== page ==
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Trading The Gap - An Emini Futures Strategy



Is Trading the Gap an effective Emini Trading Strategy?

Gap Trading is an area where many traders agree to disagree. While some discount it entirely, others view the "filling of the gap" with a fervor akin to a religious pilgrimage. In this article we will look at both sides of the discussion.

Trading The Gap - An Effective Emini Strategy?

For many traders, the very cornerstone of their trading strategy revolves around whether or not the Gap will fill. Before we continue, let's define what a Gap really is...

Common Gap

A price gap found on a price chart for an asset. These gaps are brought about by normal market forces and, as the name implies, are very common. They are represented graphically by a non-linear jump or drop from one point on the chart to another point. 

According to Investopedia, there is no major event that precedes this type of gap. Common gaps generally get filled relatively quickly (usually within a couple of days) when compared to other types of gaps. Common gaps are also known as "area gaps" or "trading gaps".

Breakaway Gap

A breakaway gap represents a gap in the movement of a stock or other asset such as an Emini Futures contract supported by levels of high volume.

Breakaway Gap

This chart shows a gap at the beginning of a large upward movement. If you chart it, the gap reflects a bullish movement when the price has gapped upwards and a bearish movement when the price has gapped downwards.

Exhaustion Gap

A gap that occurs after the rapid rise in a stock or other asset's price begins to tail off. An exhaustion gap usually reflects falling demand for a particular stock, commodity or futures contract.
Exhaustion Gap
This chart shows a gap at the end of a large upward movement, signaling a reversal. Many technical analysts consider the Exhaustion Gap as a temporary gap. The range in prices gapped by the decrease in demand is expected to be filled once demand and the upward pressure on price are re-ignited.
Now that Investopedia has provided us with a clinical description of exactly what a Gap is, the greater questions become:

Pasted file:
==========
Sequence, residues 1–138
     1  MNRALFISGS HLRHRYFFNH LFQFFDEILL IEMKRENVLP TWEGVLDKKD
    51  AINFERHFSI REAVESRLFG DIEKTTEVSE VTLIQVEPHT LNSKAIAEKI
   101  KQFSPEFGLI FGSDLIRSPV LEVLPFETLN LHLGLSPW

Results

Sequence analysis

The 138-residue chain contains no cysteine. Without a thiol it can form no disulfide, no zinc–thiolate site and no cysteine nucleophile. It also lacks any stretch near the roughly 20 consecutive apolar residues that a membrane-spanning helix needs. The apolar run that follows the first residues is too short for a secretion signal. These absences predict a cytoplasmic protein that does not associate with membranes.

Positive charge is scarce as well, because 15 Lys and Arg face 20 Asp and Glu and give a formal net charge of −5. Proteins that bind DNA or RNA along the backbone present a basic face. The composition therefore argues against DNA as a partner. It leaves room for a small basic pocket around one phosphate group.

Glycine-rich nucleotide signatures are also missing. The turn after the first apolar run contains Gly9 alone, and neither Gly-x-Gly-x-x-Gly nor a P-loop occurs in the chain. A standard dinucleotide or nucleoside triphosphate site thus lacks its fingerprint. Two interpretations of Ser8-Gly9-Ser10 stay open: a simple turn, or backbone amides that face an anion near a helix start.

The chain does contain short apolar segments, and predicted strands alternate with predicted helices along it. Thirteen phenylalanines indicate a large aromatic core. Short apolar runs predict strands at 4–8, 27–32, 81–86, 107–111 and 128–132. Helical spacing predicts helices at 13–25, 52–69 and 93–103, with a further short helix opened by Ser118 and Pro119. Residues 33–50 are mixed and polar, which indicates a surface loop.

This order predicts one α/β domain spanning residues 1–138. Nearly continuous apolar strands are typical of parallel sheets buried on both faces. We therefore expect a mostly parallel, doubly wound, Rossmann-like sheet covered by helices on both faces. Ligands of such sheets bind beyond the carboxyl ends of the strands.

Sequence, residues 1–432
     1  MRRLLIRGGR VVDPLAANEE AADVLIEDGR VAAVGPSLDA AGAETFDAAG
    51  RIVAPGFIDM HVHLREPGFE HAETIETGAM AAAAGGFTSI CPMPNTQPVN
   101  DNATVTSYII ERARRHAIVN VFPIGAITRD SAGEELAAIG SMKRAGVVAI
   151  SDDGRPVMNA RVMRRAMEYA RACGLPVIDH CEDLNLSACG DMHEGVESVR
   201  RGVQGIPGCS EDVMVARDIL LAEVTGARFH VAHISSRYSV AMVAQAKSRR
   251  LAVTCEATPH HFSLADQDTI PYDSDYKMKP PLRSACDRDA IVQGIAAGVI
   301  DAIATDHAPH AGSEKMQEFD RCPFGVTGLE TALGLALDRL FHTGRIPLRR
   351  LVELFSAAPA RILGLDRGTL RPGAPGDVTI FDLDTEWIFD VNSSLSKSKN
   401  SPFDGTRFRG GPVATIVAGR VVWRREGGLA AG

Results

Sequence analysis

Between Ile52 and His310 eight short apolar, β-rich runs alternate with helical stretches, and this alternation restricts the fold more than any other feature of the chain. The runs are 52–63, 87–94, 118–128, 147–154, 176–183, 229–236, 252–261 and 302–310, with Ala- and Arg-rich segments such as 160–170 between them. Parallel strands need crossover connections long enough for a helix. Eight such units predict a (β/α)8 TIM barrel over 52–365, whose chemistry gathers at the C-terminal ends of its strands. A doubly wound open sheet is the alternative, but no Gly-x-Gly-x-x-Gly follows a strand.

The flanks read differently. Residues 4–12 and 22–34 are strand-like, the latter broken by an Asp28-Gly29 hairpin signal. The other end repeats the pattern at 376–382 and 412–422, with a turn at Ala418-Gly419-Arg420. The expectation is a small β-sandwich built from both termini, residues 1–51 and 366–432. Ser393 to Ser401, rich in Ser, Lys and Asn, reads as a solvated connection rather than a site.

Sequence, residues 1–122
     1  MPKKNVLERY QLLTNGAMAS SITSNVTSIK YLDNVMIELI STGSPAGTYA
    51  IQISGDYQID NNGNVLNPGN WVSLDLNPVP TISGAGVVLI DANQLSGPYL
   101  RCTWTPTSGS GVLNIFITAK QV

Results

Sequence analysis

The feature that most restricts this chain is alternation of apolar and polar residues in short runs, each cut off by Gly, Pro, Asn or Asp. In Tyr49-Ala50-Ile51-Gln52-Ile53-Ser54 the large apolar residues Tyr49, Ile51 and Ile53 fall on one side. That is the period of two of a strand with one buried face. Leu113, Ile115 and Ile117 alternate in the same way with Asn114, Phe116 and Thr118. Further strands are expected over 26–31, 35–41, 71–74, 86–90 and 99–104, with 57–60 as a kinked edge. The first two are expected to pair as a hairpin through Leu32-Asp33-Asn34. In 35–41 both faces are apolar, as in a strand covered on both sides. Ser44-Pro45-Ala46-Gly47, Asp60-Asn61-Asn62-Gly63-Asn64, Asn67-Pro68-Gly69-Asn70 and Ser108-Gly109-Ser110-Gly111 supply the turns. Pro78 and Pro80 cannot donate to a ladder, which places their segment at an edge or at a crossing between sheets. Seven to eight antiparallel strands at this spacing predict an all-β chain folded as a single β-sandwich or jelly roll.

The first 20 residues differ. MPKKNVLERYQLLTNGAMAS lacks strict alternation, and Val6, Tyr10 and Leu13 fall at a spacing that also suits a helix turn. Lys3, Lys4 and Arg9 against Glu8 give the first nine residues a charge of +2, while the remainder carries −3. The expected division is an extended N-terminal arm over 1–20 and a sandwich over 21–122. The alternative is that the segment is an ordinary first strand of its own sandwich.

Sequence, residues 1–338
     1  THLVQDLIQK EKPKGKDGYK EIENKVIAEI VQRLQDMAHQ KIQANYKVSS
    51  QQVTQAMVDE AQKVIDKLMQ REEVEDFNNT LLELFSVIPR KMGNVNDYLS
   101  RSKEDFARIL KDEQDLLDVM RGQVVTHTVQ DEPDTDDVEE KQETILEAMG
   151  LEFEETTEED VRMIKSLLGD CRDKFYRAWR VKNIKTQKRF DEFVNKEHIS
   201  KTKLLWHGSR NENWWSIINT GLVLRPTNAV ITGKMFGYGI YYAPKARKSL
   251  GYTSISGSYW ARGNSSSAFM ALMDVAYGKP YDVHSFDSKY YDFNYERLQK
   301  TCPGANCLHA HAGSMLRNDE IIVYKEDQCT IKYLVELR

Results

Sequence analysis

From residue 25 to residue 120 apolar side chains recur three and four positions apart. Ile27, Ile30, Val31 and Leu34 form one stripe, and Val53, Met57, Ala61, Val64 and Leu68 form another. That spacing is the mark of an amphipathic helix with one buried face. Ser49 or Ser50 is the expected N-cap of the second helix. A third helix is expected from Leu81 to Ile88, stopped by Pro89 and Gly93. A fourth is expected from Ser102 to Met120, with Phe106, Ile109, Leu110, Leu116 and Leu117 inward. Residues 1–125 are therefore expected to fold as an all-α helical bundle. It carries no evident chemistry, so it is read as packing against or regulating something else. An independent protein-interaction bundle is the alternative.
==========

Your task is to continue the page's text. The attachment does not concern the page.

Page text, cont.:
• Is it tradeable?
  • How do I trade it?
  • What is the risk vs. reward?

Here's the bottom line - sometimes the gap fills and sometimes it doesn't.

I understand this is a troubling statement but let's get the truth right out in the open. 

Sometimes the gap fills and sometimes it doesn't.

Now that I'm assured we're on the same page, let's delve deeper. When the Gap does close, it often does so with such a great sense of purpose and military precision that you no longer want to trade any thing else. Give me the Gap or give me nothing...

And then it doesn't... Why? That's a great question. Seriously, I'm not trying to flatter you, that truly is a great question. The problem is... no one (not even myself or the great and wonderful Oz) knows the answer. I do have a friend, a co-host of this radio program for almost 7 years, who is a very serious Gap Trader. His name is Mike Reed and most of you know him as the TradeStalker. He trades the Gap and does it quite well. He will also be the first person to tell you he has no clue as to why it closes on some days and not on others. Here's where it gets interesting - He doesn't care WHY!

For Mike, the WHY is not important. All the TradeStalker cares about is the WHEN.
Mike's been trading longer than most of you have been wearing long pants. How do I know?
Check out the date...

Today it's not too hard to see a Gap, we just look at our charts. 
TradeStalker Hand Drawn Charts